Archive for June, 2013
June 30th, 2013 at 9:10 am
Being pulled over for suspicion of DUI is a serious matter in the United States. To determine your blood alcohol content, the police officer may request to breathalyze or put you through field sobriety testing. There are also other test methods, such as, urine, breath or blood. You have the option not to take these tests, in which case the officer can arrest you and you may lose your driving privileges. Illinois has what is called implied consent law. This means that if the arresting offer has probable cause to believe that a driver has been drinking then it is understood that an Illinois resident is consenting to being tested. Any penalties you face due to refusing testing can be fought with the help of a DuPage County DUI lawyer.
In the case that you refuse testing, the officer must inform you that if you do refuse your license will be suspended. The first refusal will result in your license being suspended for a year. Prior refusals could mean suspicion of your driver’s license for three years. A full report of your refusal to be tested is sent to you and to the Secretary of State’s office. Again, your DuPage County DUI lawyer can help you fight for your driving privileges.
An officer can choose to arrest you even if you were not driving at the time the officer approached. If you have possession of the keys to a vehicle and are under the influence, the officer has the authority to make the arrest. However, there may be ways to beat a DUI in Illinois. Weaving while driving is not necessarily breaking the law. In some cases, standard sobriety tests may be inaccurate. Several factors could cause this and it is important to know that these factors may be.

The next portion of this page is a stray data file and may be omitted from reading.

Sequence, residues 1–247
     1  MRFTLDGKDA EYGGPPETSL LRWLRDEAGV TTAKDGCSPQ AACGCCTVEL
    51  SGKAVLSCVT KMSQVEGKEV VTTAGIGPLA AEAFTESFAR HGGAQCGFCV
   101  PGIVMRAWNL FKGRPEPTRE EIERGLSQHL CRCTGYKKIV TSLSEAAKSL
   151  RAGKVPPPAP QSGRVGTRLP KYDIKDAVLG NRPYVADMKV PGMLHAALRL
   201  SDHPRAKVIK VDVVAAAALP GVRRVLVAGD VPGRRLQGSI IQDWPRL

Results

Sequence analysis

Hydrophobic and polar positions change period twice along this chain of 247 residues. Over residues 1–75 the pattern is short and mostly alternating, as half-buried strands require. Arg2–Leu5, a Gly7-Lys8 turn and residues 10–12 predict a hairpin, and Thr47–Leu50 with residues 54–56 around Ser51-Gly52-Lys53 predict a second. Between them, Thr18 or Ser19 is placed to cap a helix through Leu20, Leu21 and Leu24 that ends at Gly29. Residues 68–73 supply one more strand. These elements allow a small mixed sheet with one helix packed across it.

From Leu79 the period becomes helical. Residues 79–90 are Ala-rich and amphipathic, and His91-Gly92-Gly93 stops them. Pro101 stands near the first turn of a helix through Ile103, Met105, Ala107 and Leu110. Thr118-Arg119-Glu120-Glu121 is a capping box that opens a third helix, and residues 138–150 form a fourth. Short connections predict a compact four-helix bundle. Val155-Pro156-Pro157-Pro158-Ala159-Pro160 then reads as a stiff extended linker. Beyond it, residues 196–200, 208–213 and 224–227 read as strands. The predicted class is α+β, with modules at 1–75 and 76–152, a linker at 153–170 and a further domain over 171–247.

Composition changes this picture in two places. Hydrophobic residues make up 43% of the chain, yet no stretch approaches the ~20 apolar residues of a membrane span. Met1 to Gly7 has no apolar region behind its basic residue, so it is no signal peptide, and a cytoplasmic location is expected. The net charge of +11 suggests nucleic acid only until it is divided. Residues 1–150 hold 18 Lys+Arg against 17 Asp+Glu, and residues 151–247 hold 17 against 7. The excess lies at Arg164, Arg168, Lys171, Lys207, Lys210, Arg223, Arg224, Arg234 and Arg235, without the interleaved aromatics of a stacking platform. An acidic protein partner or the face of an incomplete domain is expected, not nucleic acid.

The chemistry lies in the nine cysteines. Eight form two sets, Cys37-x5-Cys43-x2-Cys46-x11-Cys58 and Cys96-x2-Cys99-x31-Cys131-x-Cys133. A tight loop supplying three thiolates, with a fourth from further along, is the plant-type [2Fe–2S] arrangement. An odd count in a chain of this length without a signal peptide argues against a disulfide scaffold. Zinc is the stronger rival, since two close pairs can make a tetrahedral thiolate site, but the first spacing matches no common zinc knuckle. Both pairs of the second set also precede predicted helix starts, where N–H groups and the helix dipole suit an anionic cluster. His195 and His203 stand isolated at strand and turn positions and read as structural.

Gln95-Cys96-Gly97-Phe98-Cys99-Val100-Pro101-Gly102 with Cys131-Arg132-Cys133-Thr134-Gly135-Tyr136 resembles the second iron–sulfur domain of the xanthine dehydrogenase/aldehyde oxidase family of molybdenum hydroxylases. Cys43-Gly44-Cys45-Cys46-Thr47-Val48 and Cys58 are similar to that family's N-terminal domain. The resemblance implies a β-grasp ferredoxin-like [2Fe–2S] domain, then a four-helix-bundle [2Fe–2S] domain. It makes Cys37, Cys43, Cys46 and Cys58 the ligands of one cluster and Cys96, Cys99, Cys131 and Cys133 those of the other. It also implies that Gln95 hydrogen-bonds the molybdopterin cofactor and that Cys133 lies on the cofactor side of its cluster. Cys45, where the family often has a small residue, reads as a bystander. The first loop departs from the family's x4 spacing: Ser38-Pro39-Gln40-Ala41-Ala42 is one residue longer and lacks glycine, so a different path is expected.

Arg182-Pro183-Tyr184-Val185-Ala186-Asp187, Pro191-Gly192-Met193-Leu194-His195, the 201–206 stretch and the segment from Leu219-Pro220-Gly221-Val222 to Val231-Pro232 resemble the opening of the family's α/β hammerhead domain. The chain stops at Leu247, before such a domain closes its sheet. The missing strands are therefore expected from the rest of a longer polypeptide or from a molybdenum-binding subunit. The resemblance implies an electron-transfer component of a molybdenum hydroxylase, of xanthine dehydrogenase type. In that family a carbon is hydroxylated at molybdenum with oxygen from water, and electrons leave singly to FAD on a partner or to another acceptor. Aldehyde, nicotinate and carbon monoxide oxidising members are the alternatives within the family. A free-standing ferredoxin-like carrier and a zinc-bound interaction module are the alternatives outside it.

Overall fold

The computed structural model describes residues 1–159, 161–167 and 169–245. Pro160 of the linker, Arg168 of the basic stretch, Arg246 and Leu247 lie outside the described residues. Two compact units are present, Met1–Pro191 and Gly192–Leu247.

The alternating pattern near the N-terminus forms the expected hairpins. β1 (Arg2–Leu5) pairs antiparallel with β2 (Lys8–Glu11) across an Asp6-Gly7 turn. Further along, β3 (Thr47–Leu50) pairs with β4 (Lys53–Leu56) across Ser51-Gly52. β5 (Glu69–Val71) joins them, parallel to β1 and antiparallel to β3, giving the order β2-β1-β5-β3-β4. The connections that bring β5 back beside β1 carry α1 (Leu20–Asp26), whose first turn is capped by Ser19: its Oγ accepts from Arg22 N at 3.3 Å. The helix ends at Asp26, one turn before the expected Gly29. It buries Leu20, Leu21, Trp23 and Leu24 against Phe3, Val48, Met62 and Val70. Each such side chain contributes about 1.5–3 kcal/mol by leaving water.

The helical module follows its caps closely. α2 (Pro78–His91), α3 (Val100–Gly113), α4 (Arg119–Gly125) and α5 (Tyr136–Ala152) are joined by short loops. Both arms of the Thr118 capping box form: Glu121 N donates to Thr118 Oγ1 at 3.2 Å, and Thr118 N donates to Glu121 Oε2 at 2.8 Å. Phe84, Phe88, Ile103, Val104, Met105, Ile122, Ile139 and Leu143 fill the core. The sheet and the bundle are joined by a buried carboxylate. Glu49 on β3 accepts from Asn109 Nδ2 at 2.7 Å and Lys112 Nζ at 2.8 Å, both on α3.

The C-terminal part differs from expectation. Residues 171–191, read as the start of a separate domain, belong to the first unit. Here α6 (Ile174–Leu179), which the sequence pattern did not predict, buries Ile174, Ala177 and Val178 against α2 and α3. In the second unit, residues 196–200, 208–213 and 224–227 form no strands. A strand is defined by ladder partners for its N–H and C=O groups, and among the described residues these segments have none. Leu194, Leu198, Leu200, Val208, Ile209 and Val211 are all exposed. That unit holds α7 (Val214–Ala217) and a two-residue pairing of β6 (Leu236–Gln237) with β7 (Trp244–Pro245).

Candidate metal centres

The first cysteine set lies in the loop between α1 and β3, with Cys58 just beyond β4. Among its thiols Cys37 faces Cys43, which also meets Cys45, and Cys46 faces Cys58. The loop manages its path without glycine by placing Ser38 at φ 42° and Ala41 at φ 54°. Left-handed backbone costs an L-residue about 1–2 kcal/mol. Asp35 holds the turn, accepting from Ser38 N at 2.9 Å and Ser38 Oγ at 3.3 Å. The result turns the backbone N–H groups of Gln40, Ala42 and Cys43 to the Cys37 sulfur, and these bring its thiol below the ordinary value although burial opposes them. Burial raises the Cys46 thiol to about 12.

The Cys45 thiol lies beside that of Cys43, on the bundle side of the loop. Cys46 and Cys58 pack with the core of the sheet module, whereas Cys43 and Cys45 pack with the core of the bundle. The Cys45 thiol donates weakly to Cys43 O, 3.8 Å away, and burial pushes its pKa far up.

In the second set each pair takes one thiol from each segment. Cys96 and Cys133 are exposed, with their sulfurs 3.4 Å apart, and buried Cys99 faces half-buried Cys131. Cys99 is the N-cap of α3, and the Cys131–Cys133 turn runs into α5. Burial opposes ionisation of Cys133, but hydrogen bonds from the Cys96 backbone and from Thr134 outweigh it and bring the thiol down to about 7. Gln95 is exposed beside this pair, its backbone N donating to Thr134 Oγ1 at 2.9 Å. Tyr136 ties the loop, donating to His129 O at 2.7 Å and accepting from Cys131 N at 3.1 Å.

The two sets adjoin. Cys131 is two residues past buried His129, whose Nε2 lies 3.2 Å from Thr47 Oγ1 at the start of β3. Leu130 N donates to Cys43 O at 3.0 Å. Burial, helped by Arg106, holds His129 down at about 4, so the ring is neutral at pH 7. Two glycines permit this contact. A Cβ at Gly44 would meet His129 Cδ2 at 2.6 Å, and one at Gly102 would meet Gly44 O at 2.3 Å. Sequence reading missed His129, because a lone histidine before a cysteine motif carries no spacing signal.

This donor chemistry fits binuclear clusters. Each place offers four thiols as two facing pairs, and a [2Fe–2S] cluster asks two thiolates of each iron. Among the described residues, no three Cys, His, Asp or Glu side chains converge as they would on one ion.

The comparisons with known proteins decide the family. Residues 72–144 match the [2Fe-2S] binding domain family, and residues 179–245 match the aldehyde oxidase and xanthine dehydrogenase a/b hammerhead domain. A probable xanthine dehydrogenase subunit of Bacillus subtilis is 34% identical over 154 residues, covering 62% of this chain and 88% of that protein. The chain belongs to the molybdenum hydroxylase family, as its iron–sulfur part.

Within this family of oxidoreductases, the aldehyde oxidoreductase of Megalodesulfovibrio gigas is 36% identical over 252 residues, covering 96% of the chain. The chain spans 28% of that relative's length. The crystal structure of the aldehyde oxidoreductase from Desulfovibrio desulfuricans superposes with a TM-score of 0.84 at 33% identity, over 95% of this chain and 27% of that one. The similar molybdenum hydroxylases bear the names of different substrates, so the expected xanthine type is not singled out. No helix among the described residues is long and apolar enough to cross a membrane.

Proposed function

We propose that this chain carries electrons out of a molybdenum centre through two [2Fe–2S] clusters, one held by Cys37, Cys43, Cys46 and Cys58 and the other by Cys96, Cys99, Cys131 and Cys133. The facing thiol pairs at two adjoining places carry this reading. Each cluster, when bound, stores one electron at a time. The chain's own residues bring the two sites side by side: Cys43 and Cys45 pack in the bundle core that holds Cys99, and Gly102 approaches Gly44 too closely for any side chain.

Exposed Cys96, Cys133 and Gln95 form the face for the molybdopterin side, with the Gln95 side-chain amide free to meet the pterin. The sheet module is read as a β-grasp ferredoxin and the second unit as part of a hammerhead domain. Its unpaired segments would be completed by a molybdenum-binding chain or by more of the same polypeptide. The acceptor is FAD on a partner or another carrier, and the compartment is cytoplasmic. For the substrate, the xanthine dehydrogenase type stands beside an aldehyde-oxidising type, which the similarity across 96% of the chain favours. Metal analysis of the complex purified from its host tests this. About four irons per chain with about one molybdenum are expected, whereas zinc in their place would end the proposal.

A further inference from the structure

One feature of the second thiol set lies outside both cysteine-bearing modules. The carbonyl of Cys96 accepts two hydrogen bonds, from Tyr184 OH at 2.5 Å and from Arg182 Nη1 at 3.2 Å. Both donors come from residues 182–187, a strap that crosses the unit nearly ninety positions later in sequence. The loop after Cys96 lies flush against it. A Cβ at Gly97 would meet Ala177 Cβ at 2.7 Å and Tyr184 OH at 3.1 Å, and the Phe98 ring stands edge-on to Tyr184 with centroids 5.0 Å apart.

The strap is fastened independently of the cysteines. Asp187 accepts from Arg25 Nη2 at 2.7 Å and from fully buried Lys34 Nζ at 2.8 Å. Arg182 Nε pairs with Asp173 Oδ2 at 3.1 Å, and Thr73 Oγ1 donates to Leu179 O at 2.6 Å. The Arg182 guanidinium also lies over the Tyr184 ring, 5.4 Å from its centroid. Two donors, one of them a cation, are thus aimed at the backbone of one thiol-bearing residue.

If you have been arrested for a DUI in Illinois, it is critical to begin to fight for your rights as soon as possible. Getting the proper legal defense is in your best interest. Call an experienced DUI attorney who will help you keep your license and to help you defend your rights.
Image courtesy of Winnond at freedigitalphotos.net
June 26th, 2013 at 8:50 am
A 25-year-old man was charged in mid-June in connection to a May 2012 crash that killed a 13-year-old girl, and bail was set at $700,000, according to the Chicago Tribune. The man, Ronald J. Tenard, “has been charged with two felony counts of aggravated DUI in the death of Sade McGee,” who he hit while high on PCP before driving away. The crash occurred when Tenard’s 1998 Mercury Sable rear-ended a 1993 Buick LeSabre at high speed, “sending it into a fence, police and prosecutors said.” Tenard then managed to hit a parked car before he and a passenger both jumped out through the driver’s side window and ran away. They were “taken into custody nearby,” according to prosecutors and reported by the Tribune. Sade was declared dead at John H. Stroger Hospital, and a 2012 autopsy determined that the girl had died from multiple injuries resultant from the crash. While her death was originally ruled an accident, “investigators tested Tenard with a DUI kit, which later indicated he had both PCP and cannabinoids—substances indicating the use of marijuana—in his system,” according to the Tribune.